Real Leaders

Earn the Gift of Discretionary Effort

The Secret to 21st Century Leadership

By Karla Brandau

A leader is one who knows the way, goes the way, and shows the way.”  – John C. Maxwell

Wake-Up Call

Great leaders do not sugarcoat the truth. When the past recession hit, one CEO of a large manufacturing company confronted the realities and knew something had to change for his company to survive. Peering over his reading glasses, he looked across the desk at one of his employees and said, “Nothing in this company is sacred. Everything will be evaluated and put on the chopping block in order to maintain profitability. This economy is but a wake-up call. We will survive.”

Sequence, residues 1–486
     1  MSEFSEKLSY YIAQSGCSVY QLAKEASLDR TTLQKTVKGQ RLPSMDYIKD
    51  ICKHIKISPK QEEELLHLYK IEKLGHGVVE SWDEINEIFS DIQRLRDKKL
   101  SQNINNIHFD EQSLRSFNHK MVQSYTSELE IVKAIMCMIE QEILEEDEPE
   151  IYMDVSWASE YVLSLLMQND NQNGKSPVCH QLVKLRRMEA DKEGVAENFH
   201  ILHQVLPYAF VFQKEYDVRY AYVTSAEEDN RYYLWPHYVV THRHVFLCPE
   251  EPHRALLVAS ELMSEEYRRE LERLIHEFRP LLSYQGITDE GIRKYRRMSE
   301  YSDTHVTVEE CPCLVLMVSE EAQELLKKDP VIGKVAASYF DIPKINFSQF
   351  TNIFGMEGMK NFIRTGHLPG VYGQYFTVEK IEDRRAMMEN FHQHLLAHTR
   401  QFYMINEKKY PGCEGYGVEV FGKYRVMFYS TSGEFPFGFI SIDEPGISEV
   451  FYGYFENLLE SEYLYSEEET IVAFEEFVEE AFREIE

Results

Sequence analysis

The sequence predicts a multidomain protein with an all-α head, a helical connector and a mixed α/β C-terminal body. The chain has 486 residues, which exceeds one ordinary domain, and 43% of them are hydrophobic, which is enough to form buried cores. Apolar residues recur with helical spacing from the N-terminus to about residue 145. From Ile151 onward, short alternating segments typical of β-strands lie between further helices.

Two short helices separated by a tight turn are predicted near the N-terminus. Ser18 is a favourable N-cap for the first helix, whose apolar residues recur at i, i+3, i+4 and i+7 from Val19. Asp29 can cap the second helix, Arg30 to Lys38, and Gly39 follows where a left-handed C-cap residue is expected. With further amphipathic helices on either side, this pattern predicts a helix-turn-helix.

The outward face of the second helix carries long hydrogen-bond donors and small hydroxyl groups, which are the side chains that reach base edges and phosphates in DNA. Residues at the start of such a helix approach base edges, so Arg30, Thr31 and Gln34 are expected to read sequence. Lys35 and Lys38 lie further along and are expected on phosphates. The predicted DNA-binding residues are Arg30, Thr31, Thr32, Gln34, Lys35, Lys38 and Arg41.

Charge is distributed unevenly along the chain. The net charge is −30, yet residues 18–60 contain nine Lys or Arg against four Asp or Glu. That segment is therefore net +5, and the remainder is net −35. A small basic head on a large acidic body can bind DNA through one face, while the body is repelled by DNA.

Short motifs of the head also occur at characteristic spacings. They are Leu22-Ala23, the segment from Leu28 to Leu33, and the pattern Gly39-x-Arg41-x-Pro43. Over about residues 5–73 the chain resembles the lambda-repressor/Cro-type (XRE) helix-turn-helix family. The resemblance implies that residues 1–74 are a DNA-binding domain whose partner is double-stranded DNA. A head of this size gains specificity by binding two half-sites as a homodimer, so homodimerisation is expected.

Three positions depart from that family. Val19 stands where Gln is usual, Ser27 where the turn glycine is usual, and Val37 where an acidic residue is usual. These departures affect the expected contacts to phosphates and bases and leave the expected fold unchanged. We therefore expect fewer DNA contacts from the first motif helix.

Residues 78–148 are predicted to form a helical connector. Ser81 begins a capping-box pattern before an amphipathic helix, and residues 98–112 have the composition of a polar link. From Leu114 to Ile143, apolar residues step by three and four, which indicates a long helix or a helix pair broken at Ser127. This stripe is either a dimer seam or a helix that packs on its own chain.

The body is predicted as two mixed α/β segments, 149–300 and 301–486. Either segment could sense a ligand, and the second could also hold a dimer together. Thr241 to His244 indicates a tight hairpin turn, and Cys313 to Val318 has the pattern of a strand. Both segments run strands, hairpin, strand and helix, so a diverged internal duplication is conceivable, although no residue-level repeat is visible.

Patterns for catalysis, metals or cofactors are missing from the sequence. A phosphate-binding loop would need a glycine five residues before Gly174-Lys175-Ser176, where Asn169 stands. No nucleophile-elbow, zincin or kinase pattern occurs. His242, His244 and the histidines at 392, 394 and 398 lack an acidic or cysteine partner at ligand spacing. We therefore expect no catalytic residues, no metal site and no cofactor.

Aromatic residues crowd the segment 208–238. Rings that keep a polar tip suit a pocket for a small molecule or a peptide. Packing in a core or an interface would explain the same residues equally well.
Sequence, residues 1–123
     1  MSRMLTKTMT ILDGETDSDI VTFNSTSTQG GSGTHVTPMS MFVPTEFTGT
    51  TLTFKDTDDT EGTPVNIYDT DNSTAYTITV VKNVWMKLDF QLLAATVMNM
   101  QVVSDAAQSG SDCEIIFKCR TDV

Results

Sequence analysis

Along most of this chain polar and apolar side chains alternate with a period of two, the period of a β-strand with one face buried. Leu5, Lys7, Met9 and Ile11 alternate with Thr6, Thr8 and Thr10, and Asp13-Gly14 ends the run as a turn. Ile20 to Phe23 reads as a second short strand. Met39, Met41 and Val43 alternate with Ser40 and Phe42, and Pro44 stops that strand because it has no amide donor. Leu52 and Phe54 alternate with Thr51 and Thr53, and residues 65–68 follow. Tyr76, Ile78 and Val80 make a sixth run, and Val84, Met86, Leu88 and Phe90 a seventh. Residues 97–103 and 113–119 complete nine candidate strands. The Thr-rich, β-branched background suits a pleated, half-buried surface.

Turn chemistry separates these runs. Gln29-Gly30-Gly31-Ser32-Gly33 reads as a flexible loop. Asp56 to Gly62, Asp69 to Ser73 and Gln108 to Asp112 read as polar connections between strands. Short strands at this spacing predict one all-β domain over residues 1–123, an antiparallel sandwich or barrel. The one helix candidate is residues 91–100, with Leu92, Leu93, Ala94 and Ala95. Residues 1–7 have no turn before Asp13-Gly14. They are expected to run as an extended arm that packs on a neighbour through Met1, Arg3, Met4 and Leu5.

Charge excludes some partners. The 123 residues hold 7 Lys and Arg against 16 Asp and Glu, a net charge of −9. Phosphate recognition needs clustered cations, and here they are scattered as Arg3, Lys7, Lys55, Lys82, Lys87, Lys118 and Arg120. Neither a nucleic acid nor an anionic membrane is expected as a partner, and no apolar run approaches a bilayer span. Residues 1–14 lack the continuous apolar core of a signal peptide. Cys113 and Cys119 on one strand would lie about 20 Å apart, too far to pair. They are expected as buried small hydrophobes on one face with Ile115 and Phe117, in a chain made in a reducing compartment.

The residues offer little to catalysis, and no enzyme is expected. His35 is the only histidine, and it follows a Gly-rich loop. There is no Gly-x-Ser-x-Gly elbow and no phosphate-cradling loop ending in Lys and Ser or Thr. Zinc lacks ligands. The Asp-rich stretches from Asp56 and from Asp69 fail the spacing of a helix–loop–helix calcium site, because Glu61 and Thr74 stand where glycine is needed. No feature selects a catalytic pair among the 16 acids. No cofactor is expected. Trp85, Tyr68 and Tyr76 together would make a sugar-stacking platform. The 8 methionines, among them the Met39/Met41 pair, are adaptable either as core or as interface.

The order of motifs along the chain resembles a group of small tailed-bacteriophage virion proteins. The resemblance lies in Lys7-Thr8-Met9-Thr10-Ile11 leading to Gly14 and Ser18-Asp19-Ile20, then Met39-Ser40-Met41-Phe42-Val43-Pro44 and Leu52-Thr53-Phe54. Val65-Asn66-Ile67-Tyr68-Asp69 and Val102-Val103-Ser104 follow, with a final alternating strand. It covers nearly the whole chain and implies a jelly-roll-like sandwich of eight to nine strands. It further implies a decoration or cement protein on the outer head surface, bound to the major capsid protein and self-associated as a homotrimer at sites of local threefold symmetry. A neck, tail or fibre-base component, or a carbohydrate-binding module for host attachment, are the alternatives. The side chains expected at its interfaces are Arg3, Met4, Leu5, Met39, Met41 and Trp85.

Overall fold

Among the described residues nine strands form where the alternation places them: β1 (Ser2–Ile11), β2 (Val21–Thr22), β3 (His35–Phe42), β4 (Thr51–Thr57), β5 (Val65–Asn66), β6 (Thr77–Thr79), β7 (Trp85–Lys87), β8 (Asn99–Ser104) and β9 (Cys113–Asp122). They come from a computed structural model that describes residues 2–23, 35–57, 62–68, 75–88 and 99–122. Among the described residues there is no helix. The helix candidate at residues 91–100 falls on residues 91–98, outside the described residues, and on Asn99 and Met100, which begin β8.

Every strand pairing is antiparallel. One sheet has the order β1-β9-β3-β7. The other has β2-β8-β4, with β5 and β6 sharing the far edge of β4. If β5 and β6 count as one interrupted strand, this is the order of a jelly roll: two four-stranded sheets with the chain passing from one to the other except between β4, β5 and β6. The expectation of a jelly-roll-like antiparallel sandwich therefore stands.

Leadership teams across the world hear the wake-up call whenever an economic recession hits, but the quickly changing landscape of the 21st century requires continuous refocus to survive as an organization. The constant evaluation of organizational performance includes leadership practices.

The most recent worldwide economic downturn was not a mere fluctuation in the market, but was revolutionary, causing seismic shifts in business procedures and in organizational social structures that affect profitability, economic sustainability, and discretionary effort. The recession caused organizations to look at the principles that guide their leadership teams to enable them to better navigate the complexity of their workplace culture amid the uncertainties of the global economic environment.

Outdated People Practices